• QUESTION EVERYTHING. I know we are raising you to believe in God and Jesus. But, child of mine, DO NOT BELIEVE IN GOD until you have decided to believe in him yourself. Read the Bible. Read other religious books from around the world. Look at the facts. Examine your heart. Believe what you believe is right and true and good. Don’t believe in anything because someone told you to, or because everyone else does, or because it looks fun, or because you think it makes you look a certain way. Believe in what your heart truly agrees with. Whatever that is, for however long that is. I trust you to find something that feels right to you.
    • Don’t keep secrets from the people who love you. No matter the choices you make, you will always be better off if you share them with people who can help you work through them. Don’t ever close yourself off from people who love you. If you’re doing something that you want to keep to yourself, I understand. But you should still tell someone who cares about you, because nobody can be healthy while in isolation.
    • Find balance in everything. There can always be too much or too little of any one thing, but finding a happy medium is usually the healthiest choice. Oh - and please remember, you don't always have to be the MOST or the BEST or the BIGGEST at something. Just be perfect, wonderful Julianna Nicole.
     I love you infinity!*

    * "I love you infinity" is something we say to each other. It started when she was about three when I said, "I love you bigger than a house," which turned into a game of the biggest things we could name. Occasionally it switches to "i love you louder than a concert"-type comparisons, or numbers such as "I love you a hundred" back when she thought one hundred was a huge number. Eventually we run out of ways to "go bigger," so the first one to yell "I LOVE YOU INFINITY" wins.

    Becky just wanted her daughter, Julianna, to have a good life. Not good in terms of possessions, but good in terms of how she treated herself, how she lived her life.  Becky's goal was for Julianna to love herself, no matter what. As you know, Bec made many mistakes in her life, or things that seemed like mistakes at the time. You may not have known that Becky also was very hard on herself for those mistakes, for many years. Looking back, she saw that she had wasted a lot of time being mad at herself. So she wanted to teach Juli to forgive herself, to treat herself kindly, no matter what.

    She also wanted Juli to be adventurous. Becky herself was always a bit of a self-proclaimed sissy: she hated rollercoasters, driving fast, and even panicked when driving over water when she was younger. She didn't want Juli to grow up with those same fears. So she had Juli try new foods and new experiences. She intentionally talked up various activities, even homework, so that Julianna would approach those tasks with excitement, not hesitation. She viewed the world as an open game for her daughter to explore and play with.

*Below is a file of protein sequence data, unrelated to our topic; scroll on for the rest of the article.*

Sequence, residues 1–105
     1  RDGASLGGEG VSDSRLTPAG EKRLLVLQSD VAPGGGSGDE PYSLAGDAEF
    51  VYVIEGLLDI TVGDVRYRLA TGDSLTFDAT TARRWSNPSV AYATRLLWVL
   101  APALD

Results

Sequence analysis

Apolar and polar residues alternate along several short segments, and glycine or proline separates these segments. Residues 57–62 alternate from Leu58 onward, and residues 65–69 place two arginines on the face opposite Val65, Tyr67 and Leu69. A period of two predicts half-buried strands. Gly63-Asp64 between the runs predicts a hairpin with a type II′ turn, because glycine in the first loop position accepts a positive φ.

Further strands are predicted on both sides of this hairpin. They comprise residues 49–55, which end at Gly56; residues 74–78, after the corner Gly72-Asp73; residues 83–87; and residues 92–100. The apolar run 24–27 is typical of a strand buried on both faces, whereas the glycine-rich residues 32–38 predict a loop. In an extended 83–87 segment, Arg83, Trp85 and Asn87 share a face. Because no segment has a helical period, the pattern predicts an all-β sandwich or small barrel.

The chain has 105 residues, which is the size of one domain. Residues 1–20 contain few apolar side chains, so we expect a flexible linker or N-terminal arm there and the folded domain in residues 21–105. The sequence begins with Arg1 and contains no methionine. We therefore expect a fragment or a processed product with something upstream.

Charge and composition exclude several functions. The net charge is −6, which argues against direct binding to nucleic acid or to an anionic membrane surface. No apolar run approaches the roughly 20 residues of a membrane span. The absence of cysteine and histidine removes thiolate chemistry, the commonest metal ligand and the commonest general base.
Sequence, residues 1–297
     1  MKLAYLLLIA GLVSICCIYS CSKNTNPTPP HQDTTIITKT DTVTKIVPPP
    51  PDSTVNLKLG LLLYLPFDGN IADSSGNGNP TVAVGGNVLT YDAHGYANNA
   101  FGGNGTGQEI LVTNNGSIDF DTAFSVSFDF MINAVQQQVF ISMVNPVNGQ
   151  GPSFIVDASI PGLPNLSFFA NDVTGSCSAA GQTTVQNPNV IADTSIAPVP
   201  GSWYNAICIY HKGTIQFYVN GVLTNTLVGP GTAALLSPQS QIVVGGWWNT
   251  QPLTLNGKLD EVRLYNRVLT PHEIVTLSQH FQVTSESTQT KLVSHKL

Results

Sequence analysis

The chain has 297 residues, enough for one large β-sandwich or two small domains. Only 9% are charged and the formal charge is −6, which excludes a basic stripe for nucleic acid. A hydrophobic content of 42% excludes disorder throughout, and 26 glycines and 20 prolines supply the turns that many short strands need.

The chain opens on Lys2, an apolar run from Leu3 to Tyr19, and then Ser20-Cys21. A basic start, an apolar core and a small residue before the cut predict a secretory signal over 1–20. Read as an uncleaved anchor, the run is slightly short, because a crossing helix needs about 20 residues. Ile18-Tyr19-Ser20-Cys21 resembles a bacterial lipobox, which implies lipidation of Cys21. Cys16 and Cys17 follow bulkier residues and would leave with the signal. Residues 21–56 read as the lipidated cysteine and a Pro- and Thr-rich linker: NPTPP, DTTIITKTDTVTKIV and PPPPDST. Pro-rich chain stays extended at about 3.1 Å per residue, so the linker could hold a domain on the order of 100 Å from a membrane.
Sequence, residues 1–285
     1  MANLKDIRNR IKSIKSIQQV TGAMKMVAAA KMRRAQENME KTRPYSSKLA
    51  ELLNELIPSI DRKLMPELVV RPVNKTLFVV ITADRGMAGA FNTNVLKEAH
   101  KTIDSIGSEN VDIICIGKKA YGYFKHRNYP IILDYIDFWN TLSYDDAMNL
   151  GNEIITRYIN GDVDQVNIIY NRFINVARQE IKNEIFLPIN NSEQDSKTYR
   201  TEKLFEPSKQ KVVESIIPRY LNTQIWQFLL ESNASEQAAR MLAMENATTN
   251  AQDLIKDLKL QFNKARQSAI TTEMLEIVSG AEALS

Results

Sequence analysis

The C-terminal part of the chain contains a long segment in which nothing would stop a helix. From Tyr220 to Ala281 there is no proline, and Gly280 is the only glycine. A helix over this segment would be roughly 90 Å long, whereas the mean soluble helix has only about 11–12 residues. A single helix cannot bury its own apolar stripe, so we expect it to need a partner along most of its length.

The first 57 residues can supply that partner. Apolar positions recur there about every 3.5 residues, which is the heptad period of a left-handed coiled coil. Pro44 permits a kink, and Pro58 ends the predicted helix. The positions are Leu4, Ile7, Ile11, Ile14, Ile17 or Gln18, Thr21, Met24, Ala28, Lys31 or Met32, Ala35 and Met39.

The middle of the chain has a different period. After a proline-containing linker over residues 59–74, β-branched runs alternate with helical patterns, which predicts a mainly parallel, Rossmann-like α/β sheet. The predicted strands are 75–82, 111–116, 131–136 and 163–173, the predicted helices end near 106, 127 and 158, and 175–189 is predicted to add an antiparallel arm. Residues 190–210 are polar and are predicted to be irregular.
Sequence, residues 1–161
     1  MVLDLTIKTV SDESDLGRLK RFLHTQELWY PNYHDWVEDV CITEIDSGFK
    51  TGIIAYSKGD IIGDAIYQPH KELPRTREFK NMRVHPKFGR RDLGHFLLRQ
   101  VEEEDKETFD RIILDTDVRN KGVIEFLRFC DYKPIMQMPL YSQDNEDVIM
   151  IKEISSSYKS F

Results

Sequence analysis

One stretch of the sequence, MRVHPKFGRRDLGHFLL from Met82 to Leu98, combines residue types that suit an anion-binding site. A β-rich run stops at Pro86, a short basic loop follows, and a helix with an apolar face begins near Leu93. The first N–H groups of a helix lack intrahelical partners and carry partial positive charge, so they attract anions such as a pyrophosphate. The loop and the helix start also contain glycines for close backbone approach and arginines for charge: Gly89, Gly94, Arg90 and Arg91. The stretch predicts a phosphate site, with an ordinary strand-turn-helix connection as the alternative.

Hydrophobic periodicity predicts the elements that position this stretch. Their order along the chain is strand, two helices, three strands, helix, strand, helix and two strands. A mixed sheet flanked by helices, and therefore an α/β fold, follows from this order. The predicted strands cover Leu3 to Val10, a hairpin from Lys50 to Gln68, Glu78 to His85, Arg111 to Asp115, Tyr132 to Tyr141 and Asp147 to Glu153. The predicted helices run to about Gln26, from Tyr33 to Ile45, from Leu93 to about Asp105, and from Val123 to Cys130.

Becky also had things that she wanted all of us to know. She wished that we could all be more accepting of our own disparities. She spent years fighting against external stereotypes and cookie-cutter labels inside herself, even up until her end. She had always thought that, if you held a label, you had to be perfect at the one thing that you were calling yourself. It took years for her to learn that it's okay to be a hypocrite, it's okay to change your mind, it's okay to not be a standard member of any one group.

    Becky is gone, but if she could part with one concept, it would be this:
    Love yourself. Love your mistakes and your regrets. Love your dreams and your goals. Love your quirks and your inconsistencies. Because when you love all of yourself - not just the pretty parts, or the public parts, or the pre-planned parts, but all of you - you are then able to love others as well. You have to speak kindly to yourself in order to breathe kindness into the world.

    Love yourself.

    An old diary entry

    Found this in an old diary from 2009:
    why does everything feel so hopeless? why am I so constantly overwhelmed w/ despair that I can't cope w/ life? how do normal people handle their problems? Does every1 else fight w/ a constant urge to run away? constant feelings of inadequacy? the fear that "I'll ruin my own life" ? how come I feel emotion so intensely only for other people? how come I can't ask for things for myself? will I ever be able to feel like I'm an adult? do I avoid responsibility because I'm scared of failing? will I ever trust anyone to stay and can I stop pushing everyone away even though I so desperately want them in? am I a bad mother because of all of this?

    Boys don't cry, and girls don't play with worms

    Studies have shown that, even with no parental influence pushing children towards gender-specific toys, girls tend to favor "girl toys" such as dolls and dress-up clothes, and boys tend to favor "boy toys" such as blocks and trucks. Girls have been known to use sticks as dolls in some cultures, where boys use those same sticks to build and knock down structures. This is perfectly natural, and normal. Females have that natural nurturing instinct, boys like to play rough. That is as much a proven fact as the statement "men have stronger upper bodies, naturally" and "women are curvy." The genders are different, and that is a good thing.

    However, a problem arises when we tend to "genderize" our children's toys. How many times have you heard a dad say "Don't play with that, that's a girl toy!" to his son, or "Girls can't wear that color, it's only for boys. Sit down and act like a lady."? We've all heard it. But is it okay to say this to our children?